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New Car Heads-Up Display To Be Controlled By Hand Gestures, Voice Commands 142

Posted by timothy
from the don't-take-that-call dept.
Lucas123 (935744) writes "A new company has just opened a crowdsourcing campaign for a heads-up display that plugs into your car's OBD II port and works with iPhones and Android OS-enabled mobile devices via Bluetooth to project a 5.1-in transparent screen that appears to float six feet in front of the windshield. The HUD, called Navdy, works with navigation apps such as Google Maps for turn-by-turn directions, and music apps such as Spotify, Pandora, iTunes Music and Google Play Music. Using voice commands via Apple's Siri or Google Voice, the HUD can also write, read aloud or display notifications from text messages or social media apps, such as Twitter. Phone calls, texting or other applications can also be controlled with hand gestures enabled by an infrared camera."
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New Car Heads-Up Display To Be Controlled By Hand Gestures, Voice Commands

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  • by wbr1 (2538558) on Thursday August 07, 2014 @10:50AM (#47622559)

    Rather than provide fancy new 'heads up' displays for drivers or built-in smart phone driver docking stations for drivers with their 'heads up' their ass, we should be working on roadside electronic surveillance and longer prison sentences for the drivers who kill people while using their smartphone.

    While I agree that distraction is an issue, and solutions should be found, and I also agree that this device sounds like more distraction, longer prison terms solve nothing. Incarceration does not stop drug use, threat of life in prison does not deter murderers of bank robbers. No matter the differences in incarceration percentage or average length of incarceration, developed countries crime rates stay relatively stable. The few things being tougher on any crime does do well is break up families, provide jobs to the prison workers, and create a hated underclass that is likely to turn to crime again.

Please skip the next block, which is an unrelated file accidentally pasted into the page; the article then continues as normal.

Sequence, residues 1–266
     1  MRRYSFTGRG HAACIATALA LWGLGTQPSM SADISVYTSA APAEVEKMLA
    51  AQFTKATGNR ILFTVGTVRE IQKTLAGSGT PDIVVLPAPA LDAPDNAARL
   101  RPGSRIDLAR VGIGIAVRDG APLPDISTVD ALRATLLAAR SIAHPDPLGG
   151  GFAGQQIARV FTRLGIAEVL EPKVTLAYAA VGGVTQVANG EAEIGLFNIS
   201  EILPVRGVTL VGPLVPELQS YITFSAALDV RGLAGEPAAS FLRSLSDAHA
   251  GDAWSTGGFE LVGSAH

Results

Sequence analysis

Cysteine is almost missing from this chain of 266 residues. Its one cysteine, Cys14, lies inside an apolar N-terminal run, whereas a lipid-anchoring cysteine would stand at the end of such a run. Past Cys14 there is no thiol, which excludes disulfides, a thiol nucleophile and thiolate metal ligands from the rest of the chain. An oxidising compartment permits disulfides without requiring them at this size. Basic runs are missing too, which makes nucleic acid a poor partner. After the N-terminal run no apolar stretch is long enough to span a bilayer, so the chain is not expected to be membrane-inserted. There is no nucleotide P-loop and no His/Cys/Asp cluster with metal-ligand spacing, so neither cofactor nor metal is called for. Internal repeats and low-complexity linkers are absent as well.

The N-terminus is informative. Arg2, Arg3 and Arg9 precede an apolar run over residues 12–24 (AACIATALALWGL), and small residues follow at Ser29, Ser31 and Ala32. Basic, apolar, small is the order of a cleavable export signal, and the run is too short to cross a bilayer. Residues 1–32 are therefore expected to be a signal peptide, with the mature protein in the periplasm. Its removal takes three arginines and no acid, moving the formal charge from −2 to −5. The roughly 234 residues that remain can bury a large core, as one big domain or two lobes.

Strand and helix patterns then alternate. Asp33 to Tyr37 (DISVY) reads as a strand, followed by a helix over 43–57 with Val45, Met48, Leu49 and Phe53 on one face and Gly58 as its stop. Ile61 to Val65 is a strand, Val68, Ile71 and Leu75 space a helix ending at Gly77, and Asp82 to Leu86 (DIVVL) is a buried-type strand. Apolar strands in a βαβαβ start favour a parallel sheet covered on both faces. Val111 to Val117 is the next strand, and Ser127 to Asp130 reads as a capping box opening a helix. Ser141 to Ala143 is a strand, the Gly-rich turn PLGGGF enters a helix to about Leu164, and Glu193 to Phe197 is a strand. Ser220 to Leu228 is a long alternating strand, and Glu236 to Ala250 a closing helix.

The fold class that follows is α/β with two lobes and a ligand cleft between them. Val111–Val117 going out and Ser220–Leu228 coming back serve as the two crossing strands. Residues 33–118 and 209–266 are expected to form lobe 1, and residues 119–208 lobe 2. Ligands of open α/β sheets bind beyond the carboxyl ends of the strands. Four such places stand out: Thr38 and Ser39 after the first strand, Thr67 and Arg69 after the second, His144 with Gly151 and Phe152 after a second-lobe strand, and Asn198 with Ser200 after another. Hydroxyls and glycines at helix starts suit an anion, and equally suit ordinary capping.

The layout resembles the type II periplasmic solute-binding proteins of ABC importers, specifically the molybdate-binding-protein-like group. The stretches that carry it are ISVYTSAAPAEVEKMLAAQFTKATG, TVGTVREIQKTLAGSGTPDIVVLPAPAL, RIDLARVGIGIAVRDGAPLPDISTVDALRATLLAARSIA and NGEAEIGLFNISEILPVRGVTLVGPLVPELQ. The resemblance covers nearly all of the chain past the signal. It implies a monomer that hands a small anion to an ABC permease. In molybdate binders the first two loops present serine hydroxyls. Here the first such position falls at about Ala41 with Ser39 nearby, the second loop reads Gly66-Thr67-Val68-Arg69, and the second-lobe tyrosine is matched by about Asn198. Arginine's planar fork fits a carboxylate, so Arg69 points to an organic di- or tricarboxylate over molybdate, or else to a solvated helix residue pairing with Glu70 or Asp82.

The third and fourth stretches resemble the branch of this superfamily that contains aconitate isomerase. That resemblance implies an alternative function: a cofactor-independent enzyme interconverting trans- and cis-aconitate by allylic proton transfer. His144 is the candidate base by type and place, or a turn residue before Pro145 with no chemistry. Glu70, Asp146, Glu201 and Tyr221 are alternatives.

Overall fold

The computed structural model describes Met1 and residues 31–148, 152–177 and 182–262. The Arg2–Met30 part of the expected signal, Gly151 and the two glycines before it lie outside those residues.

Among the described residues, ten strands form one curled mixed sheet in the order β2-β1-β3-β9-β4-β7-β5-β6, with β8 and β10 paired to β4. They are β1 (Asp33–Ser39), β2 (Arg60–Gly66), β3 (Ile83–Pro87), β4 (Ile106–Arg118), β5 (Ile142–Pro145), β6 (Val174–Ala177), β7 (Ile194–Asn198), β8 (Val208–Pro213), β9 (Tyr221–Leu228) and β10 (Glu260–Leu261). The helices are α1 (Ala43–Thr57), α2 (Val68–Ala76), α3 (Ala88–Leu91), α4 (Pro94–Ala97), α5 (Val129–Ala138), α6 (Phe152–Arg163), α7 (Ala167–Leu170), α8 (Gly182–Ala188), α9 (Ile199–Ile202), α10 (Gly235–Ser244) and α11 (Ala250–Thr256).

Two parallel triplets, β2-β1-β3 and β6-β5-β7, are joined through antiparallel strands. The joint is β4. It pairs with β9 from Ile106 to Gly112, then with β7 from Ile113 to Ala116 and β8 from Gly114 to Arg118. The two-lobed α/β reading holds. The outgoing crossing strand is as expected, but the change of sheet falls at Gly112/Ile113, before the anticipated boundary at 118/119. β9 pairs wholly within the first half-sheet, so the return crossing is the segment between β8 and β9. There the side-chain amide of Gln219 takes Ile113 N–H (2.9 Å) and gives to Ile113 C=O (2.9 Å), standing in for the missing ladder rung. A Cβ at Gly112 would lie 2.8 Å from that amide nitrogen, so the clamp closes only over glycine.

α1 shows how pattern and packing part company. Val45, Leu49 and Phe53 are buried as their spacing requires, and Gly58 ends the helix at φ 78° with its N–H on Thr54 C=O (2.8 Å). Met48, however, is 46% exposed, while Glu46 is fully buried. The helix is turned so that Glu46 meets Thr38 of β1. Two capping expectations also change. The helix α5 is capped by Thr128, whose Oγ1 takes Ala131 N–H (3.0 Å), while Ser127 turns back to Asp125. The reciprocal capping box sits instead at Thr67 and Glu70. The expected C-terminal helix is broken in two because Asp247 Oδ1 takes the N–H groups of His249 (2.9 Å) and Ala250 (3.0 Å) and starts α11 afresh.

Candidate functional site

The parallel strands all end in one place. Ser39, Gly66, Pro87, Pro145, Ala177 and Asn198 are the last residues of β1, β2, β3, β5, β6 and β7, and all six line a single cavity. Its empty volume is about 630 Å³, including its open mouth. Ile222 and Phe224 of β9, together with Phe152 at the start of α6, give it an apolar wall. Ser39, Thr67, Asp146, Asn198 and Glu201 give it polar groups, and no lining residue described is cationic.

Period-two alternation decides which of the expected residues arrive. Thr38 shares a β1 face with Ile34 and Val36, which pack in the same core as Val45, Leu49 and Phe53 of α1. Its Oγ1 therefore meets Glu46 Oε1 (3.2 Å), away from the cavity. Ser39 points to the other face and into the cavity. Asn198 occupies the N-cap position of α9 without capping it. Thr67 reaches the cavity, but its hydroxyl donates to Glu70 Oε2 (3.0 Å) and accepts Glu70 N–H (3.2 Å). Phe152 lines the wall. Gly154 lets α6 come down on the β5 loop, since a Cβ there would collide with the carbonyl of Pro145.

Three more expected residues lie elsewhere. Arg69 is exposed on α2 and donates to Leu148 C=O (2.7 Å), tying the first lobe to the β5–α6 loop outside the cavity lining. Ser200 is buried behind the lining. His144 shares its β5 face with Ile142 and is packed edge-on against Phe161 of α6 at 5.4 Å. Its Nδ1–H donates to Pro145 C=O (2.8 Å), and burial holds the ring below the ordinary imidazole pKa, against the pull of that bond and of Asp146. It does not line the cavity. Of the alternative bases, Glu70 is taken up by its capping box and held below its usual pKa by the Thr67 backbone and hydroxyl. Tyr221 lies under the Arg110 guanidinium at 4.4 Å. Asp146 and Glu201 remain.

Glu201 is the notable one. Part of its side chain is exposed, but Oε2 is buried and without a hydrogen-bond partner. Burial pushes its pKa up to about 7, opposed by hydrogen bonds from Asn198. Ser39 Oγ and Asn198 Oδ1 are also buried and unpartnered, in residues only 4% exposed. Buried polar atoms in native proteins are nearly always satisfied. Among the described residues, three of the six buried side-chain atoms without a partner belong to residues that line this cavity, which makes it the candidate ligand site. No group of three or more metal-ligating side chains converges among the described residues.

This is not to say that there should be no punishment for crime, but to say the money would likely be much better spent on proper prevention. Not more police, swat toys, and police programs, but things like education, family planning , job training, addiction recovery, even driver training, etc. For the cost of putting 2-3 people in prison for a year, a town could hire a person to do distracted driver training and testing on a closed course. All you need is an empty parking lot and some cones.

  • Re:Ummm ...what? (Score:4, Interesting)

    by Ziggitz (2637281) on Thursday August 07, 2014 @11:32AM (#47622971)
    There's a difference between the federal prohibition of all alcoholic beverages and telling someone to put their fucking phone away for 20 minutes while they operate a 2 ton weapon. One is an absolute ban and the other is requiring you by law to be a responsible adult and not partake in activities that have been proven to kill people while driving and to perform those activities at a safe time.
  • by Anonymous Brave Guy (457657) on Thursday August 07, 2014 @11:47AM (#47623111)

    HUD's don't require you to take your eyes off the road.

    Ideally, no. In practice, IME we aren't quite there yet: the focal distance for current in-car HUDs still tends to be significantly shorter than where a driver should normally be looking. However, it's still interesting to consider whether even the HUDs we have available today are an improvement on static instrument consoles, where the driver also has to look down/over, as well as changing focus to an even closer range.

    Hopefully it goes without saying that using this kind of technology to display anything that isn't immediately relevant to driving (such as the notifications shown on their site right now) is crazy.

    However, in a few years, I can imagine that navigation systems will use a combination of eye-tracking and HUD technology to skip the stylised graphics we use today and just highlight the required driving line directly on the road ahead. My other big wish for this kind of technology is enhancements for when visibility is poor: think night vision/IR with additional highlights on hazards such as a car ahead slowing down sharply or a pedestrian moving toward the road. Those kinds of qualitative improvements in driver awareness could save a lot of lives and a lot of time, not to mention the general frustration that sometimes comes with driving in unfamiliar places today.

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